The number of shopping malls in China is expected to climb to a historic high by the end of 2013 after the nation's retail business began slowing in late 2012, according to a report released by Jones Lang LaSalle.

China's retail business is in a transition, the report said. From late 2012 to early 2013, just two to three major malls in Shanghai and Beijing saw month on month sales increase while most malls in the two cities suffered decline.

The report expects China's retail sector to recover in the second half of 2013 as consumer sentiment improves on government policies aimed at spurring domestic consumption.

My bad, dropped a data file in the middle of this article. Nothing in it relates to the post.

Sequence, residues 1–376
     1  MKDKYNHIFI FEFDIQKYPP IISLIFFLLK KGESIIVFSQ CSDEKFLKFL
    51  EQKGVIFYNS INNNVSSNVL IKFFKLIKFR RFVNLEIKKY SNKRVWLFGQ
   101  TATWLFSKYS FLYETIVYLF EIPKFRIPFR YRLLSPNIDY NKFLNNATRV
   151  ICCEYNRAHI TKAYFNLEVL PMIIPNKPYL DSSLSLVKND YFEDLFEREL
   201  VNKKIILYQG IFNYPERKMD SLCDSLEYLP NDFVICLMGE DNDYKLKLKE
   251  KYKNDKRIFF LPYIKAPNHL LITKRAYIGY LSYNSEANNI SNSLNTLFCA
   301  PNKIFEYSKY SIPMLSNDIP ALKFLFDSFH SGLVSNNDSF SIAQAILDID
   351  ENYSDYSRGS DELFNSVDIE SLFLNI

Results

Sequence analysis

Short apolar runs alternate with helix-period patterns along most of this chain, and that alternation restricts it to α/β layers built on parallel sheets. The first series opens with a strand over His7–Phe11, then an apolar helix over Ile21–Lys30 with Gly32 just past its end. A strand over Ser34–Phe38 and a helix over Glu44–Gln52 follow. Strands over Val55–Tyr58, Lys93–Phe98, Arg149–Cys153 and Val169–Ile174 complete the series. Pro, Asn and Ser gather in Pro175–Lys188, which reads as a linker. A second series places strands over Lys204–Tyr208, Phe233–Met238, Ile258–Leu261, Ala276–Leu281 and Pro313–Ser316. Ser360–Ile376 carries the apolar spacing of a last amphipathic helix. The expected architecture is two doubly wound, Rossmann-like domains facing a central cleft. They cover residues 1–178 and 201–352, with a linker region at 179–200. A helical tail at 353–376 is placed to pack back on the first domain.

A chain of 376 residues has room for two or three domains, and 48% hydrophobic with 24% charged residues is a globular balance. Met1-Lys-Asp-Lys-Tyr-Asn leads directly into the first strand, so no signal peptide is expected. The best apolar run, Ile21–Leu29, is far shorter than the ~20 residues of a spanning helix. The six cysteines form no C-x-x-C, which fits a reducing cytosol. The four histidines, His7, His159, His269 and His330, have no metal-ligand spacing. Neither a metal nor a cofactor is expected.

The overall lackluster market has raised the alert for retailers, prompting them to shift from strengthening their brands to maintaining a reasonable profit margin, said Deng Rushun, chief China commercial property analyst with Jones Lang LaSalle.

Healthier development of the retail sector is expected to be seen in the second half of 2013 and throughout 2014, Deng predicted.

Deng said Shanghai is comprehensively the strongest retail market in China, while Chengdu, Sichuan is the most potential market. He forecast supply of new retail space to total three million square meters in Shanghai and to total three to four million square meters in Chengdu during the next three years.

Deng also noted that a large amount of commercial real estate projects are being built in smaller cities like Jinan, Hefei, Kunming and Changzhou.

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